Unions play critical role in disclosing reality: Crabb

The counting, monitoring and recording that unions do to make sure experiences don’t go untold is really important, particularly for women, ABC journalist Annabel Crabb said recently.

It’s not enough for every individual to know it and occasionally whine about it at the school gate. Unless you measure it, it doesn’t become real, and that’s the importance of counting stuff,” Ms Crabb, guest speaker at Federation’s Women’s Conference, also said.

The event’s theme was ‘Women + Power = Progress’. Ms Crabb said women had played an extraordinary role as drivers of political change over the past couple of years.

At the 2022 election, the House of Representatives went from having 48 female MPs to having 58 — an increase from about 31 per cent to 38 per cent on one day — a huge jump, the highest number ever of female representatives ever. And that happened because the issues on which those women ran — climate, integrity and women’s rights — were named and counted and campaigned upon, and people listened,” Ms Crabb said.

I think this was an election in which democracy kind of struck back because people looked, particularly in those seats, at the alternative of more of the same or a capable woman who seemed independent…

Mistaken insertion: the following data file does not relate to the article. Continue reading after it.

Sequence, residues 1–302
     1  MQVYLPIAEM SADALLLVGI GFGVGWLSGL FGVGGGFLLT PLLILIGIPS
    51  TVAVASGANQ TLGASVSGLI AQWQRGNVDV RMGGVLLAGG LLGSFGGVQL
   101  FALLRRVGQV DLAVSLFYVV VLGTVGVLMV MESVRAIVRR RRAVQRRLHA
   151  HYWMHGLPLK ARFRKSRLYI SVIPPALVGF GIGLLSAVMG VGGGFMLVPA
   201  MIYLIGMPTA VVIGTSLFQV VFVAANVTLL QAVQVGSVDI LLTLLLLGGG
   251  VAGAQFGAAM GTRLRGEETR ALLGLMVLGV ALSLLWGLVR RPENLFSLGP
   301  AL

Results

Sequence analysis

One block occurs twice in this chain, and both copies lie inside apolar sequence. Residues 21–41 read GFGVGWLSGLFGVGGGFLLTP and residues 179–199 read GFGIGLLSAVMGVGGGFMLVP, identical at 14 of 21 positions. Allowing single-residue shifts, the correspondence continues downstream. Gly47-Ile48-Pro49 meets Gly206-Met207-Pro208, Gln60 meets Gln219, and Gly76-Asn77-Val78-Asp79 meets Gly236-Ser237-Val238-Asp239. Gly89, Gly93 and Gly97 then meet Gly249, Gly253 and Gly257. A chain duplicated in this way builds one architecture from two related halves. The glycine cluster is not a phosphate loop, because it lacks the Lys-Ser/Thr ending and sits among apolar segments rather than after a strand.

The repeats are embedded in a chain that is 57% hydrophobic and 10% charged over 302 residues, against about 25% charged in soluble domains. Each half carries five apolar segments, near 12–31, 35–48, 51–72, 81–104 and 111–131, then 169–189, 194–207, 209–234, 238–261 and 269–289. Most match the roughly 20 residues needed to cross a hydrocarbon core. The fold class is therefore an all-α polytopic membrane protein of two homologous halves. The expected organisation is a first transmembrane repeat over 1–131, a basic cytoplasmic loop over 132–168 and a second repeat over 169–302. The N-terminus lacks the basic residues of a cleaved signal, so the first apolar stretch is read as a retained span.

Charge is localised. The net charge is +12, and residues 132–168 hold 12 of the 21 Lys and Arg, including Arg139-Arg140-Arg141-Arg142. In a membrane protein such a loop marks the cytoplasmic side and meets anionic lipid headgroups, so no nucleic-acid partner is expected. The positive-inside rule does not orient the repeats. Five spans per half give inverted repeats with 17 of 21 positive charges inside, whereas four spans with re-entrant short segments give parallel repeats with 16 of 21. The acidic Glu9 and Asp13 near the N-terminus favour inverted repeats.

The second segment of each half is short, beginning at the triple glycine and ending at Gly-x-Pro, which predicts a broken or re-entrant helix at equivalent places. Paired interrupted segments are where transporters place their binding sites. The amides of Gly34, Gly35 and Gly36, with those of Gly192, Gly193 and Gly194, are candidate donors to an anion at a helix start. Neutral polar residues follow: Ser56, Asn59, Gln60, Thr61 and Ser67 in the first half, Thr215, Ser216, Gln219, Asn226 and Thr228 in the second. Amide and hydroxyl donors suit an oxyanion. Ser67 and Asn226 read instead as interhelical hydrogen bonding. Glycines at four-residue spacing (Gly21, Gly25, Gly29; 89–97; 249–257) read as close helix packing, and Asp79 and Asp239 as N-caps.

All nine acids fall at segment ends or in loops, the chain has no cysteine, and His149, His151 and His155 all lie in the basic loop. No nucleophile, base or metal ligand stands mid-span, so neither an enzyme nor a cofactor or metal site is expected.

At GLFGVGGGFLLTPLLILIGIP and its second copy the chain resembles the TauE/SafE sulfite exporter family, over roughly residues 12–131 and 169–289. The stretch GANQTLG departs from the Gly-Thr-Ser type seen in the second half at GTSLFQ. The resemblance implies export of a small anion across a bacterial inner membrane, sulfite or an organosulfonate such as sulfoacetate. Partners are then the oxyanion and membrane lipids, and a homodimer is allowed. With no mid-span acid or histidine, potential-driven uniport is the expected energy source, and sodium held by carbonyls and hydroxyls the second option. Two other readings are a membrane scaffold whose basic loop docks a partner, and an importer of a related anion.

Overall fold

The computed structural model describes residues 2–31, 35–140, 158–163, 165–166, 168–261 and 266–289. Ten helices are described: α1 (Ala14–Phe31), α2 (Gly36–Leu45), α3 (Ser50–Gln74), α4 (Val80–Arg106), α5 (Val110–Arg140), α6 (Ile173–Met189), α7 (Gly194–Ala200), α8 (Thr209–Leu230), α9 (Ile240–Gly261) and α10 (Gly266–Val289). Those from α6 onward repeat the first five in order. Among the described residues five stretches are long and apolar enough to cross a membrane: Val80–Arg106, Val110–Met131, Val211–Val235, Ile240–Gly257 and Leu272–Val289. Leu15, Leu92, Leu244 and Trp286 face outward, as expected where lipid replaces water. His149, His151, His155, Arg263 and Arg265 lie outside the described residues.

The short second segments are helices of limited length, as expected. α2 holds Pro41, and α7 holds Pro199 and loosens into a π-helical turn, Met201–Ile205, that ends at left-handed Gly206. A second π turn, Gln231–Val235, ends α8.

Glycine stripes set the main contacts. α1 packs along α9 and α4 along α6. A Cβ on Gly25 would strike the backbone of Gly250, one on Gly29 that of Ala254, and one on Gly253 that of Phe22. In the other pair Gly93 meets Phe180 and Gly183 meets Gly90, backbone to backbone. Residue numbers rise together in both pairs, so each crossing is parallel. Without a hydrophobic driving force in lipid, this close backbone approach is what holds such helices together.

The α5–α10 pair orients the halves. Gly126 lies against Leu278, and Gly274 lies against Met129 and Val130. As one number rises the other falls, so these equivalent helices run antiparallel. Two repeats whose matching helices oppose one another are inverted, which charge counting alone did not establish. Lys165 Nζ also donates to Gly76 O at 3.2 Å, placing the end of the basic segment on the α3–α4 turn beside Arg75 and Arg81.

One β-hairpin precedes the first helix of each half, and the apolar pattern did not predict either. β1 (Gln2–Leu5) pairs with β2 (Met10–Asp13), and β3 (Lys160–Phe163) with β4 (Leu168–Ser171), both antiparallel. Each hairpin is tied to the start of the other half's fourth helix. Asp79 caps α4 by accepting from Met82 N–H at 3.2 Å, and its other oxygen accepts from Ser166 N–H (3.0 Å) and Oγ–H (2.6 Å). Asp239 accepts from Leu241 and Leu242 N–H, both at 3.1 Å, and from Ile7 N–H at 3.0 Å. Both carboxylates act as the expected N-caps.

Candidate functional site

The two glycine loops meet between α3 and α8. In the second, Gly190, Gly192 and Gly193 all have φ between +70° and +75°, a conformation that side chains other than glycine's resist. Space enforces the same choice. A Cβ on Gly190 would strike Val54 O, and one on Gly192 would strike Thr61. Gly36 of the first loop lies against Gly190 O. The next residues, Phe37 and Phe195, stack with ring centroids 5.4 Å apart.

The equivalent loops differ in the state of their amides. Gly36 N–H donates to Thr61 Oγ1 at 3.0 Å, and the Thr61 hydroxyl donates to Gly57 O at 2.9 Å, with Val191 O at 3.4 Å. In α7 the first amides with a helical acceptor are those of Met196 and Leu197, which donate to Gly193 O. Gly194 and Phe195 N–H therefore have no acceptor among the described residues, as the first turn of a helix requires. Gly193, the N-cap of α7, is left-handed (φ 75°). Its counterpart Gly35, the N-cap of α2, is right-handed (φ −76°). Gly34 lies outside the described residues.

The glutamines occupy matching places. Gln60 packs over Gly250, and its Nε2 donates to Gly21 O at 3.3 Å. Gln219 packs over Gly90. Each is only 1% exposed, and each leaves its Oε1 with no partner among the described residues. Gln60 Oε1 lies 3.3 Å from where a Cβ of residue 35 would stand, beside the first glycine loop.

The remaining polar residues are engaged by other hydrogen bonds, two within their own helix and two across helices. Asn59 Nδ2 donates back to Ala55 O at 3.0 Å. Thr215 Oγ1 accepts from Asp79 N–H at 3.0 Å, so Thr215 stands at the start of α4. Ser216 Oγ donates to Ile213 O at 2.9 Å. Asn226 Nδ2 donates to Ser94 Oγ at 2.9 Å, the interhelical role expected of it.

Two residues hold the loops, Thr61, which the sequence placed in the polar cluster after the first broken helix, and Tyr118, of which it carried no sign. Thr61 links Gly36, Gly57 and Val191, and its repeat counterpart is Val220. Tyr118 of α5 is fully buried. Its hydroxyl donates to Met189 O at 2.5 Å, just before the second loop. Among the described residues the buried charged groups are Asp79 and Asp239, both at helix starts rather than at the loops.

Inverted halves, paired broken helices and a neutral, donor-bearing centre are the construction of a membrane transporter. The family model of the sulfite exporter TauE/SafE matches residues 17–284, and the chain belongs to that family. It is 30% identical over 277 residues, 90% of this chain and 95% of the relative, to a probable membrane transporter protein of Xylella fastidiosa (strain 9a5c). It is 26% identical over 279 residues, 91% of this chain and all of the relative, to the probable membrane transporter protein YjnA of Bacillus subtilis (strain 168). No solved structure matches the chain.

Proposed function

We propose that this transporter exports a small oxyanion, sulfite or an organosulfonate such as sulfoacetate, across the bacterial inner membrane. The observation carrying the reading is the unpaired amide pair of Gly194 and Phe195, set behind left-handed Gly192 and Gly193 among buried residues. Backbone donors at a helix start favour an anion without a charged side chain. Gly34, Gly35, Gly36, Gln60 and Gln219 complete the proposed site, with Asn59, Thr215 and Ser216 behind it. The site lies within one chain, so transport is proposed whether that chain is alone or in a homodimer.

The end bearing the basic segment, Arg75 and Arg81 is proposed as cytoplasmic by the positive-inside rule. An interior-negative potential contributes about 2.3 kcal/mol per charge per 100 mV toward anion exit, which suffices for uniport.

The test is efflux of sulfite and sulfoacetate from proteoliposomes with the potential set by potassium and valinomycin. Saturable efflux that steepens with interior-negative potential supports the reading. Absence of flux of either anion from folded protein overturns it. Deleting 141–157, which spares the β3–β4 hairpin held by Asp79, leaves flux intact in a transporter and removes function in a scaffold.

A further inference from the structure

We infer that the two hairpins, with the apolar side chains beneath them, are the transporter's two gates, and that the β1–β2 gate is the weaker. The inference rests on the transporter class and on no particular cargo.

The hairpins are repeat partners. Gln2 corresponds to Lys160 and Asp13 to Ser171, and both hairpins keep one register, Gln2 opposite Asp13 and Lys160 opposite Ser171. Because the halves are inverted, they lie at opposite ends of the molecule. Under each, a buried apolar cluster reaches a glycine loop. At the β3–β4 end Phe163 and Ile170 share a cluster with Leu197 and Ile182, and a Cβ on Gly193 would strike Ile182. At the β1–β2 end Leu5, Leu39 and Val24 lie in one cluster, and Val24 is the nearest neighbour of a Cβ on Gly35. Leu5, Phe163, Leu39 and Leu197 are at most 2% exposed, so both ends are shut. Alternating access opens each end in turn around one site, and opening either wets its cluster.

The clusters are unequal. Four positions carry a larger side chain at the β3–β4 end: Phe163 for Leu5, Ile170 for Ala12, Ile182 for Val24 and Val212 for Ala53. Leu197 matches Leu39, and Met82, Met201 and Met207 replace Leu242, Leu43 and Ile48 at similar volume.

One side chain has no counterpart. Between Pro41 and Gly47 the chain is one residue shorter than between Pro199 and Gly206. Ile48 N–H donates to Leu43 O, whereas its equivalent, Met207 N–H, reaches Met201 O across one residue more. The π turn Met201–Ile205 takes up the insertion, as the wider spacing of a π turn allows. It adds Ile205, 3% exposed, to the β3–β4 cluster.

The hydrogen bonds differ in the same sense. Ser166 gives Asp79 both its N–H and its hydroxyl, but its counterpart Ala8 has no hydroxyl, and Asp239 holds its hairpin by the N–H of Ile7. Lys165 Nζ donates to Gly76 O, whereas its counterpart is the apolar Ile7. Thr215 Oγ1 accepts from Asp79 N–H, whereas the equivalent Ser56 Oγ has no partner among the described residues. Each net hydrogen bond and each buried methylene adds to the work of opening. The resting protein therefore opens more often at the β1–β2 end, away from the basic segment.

So, naming, counting, keeping track, caring enough to take note. I know it’s a huge part of what the union movement does. It’s a huge part of why we are all gathered here today, and I think in a world that is highly dispiriting at times, we can take comfort from the fact that our democracy is still kicking.”

Conference delegates were also addressed by General Secretary Maxine Sharkey and Senior Vice President Amber Flohm.

They learned more about the More Than Thanks or Rebuild with TAFE campaigns at morning workshops.

Participants were given the opportunity to attend optional activities — a session about superannuation or a focus group regarding the Centre for Professional Learning — during the lunch break.

Members chose which afternoon workshop they wanted to attend, selecting from:

  • Incorporating Aboriginal perspectives into teaching and Performance and Development Plans
  • LGBTIQA+ perspectives
  • From complaining to campaigning
  • Engaging rural and remote women in our union
  • Taking control of your Performance and Development Plan
  • Experienced women as new activists
  • Multicultural education
  • Health and safety
  • Inclusive education: Advocating for yourself and your students with complex needs.

In the panel session, four women teachers from diverse backgrounds and experiences shared their personal stories, to highlight the impact of discrimination and privilege, and to demonstrate the need for structural change to improve inclusiveness.